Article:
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Great theme… I do love change of pace that is brought with multiple protagonists (or really, one protagonist + 1 or more side characters). There’re also games like The Whispered World, that are your “run of the mill” one protagonist games, but feature a sequence where you play as a sidekick that is also a welcome addition.

Ceville had quite a nice and unique disposal of three different characters. Day of the Tentacle, like mentioned, is unique in that regard that the three characters were basically at the “same place” in different time, but the interaction between them was huge. I’d like to see more of that, though it’s not easy to come up with the similar design - in reality, most of the multiple characters games have you playing portion of the game with one character, than switch to the other (Broken Sword 3, Gabriel Knight 2...) and that’s fine, but “intersection”, or even interaction between them and switching on the fly is what’s spicing the things up.

     

Recently finished: Four Last Things 4/5, Edna & Harvey: The Breakout 5/5, Chains of Satinav 3,95/5, A Vampyre Story 88, Sam Peters 3/5, Broken Sword 1 4,5/5, Broken Sword 2 4,3/5, Broken Sword 3 85, Broken Sword 5 81, Gray Matter 4/5\nCurrently playing: Broken Sword 4, Keepsake (Let\‘s Play), Callahan\‘s Crosstime Saloon (post-Community Playthrough)\nLooking forward to: A Playwright’s Tale

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Schizm is another game where you play as two team members. I love the game, it is in my top ten favorites, but it has some egregious flaws and the way it handles the two characters is one of those flaws. It is very awkward dragging both characters around so they are both in the same place when needed to cooperate; it is part of the theme of the game so it is not a gimmick but it does feel like that at times.

     
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Like many people it seems, I enjoy having more than one playable character. It gives a feeling of increased freedom, as you can pretend to be not just someone else, but a bunch of someones, which is especially exciting when each of them has a well-defined personality or specific abilities. It’s also nice when a mostly one-character game lets you play as someone else for a while, as it gives you the feeling you discover the world through a new set of eyes.

When pulled out right, it can make for enticing puzzles, with characters working together to get the right item or piece of information. Thimbleweed Park had potential for this kind of collaboration, and some of it was exploited indeed, but it could have been put to better use, with more puzzles involving two or more characters, or simply by not making information automaticaly shared between all of them without any explanation.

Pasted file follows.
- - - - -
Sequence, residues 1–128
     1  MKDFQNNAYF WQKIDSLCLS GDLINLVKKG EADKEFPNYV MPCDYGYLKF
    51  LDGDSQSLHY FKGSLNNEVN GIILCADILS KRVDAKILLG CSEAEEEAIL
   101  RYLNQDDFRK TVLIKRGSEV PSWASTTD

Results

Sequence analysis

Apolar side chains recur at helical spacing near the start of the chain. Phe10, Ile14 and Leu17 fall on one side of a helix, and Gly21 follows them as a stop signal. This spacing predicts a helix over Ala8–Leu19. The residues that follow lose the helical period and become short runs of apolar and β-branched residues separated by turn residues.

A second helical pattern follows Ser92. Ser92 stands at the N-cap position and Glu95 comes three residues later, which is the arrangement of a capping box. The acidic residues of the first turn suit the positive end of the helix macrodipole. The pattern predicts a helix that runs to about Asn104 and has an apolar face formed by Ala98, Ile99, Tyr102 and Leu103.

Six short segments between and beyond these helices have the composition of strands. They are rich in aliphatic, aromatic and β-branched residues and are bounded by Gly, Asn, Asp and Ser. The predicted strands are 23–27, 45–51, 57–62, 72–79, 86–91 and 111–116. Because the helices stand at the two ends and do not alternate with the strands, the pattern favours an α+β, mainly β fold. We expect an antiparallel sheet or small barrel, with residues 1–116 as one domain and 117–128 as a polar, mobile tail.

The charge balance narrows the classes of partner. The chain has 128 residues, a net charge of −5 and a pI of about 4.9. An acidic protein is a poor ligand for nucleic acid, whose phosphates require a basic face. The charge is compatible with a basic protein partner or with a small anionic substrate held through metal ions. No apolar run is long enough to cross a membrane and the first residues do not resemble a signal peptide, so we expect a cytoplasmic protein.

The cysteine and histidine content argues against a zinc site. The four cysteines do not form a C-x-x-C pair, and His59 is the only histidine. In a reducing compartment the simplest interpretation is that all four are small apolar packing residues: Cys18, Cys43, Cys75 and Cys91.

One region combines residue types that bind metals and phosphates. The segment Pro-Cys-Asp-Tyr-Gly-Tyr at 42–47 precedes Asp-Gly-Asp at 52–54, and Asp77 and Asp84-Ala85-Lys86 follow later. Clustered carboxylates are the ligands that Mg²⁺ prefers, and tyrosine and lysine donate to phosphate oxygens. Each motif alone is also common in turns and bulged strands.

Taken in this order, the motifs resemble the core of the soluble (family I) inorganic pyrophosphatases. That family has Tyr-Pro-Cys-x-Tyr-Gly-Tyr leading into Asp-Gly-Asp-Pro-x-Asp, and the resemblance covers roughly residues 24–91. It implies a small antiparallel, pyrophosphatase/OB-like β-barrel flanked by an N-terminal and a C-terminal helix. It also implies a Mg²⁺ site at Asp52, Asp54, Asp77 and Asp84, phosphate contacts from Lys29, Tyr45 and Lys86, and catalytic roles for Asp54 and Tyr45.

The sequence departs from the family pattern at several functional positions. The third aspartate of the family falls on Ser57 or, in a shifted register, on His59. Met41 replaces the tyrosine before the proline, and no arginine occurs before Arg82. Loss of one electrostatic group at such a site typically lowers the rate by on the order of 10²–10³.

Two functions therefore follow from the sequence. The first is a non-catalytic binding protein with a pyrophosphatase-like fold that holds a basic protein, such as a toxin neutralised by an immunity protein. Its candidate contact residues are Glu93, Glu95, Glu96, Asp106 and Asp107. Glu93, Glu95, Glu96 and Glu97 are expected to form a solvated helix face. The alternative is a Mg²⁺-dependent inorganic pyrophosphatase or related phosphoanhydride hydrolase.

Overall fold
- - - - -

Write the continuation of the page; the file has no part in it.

In other contexts, it can give us differents pieces of a story that nobody in the universe of the game could hold at the same time, without the characters ever having to meet - like in Still Life, where you alternate between Victoria in 2005 and her grandfather in the 1920s’, or even more so in Dreamfall: Chapters.

However, I’m not a fan of physical puzzles involving several characters - Sherlock Holmes games have several of those, you have to switch between Holmes and Watson to pull levers and lift gates, or to push crates and cross beams. Okay, maybe that’s because I’m not a fan of physical puzzles in general as I’m bad at spatial orientation. But speaking of Sherlock Holmes games, I love the sequences in which you get to play as Toby Laughing .

     
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NickyLarson - 13 September 2017 06:12 PM

in Still Life, where you alternate between Victoria in 2005 and her grandfather in the 1920s’

that was too good to be forgotten

     

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No mention of Gobliiins yet?

Punch, magic, pick up.
3 characters with different skills is a great formula. Also applies to Lost Vikings

     
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wilco - 14 September 2017 04:41 AM

No mention of Gobliiins yet?

No mention of Maniac Mansion either Smile

The much maligned Psychic Detective puts a twist on “multiple characters”. You play a man who is able to jump into the minds of others and see events from their perspective, while the game proceeds in real time. It’s a concept which has interested me and I own the game, but have never been able to get it working.

     

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Now playing: The Journey Down
Recently finished: Last Day of June (7.5/10) The Initiate (5/10) The Wardrobe (4/10) Tacoma (7/10) Darkside Detective (7/10) Aporia: Beyond The Valley (5/10) The Low Road (6/10) The Lion’s Song (6/10) The Infectious Madness of Doctor Dekker (6.5/10) RiME (6/10) The Fidelio Incident (6.5/10)

(6=good, 7=recommended, 8=must play, 9=classic, 10=masterpiece)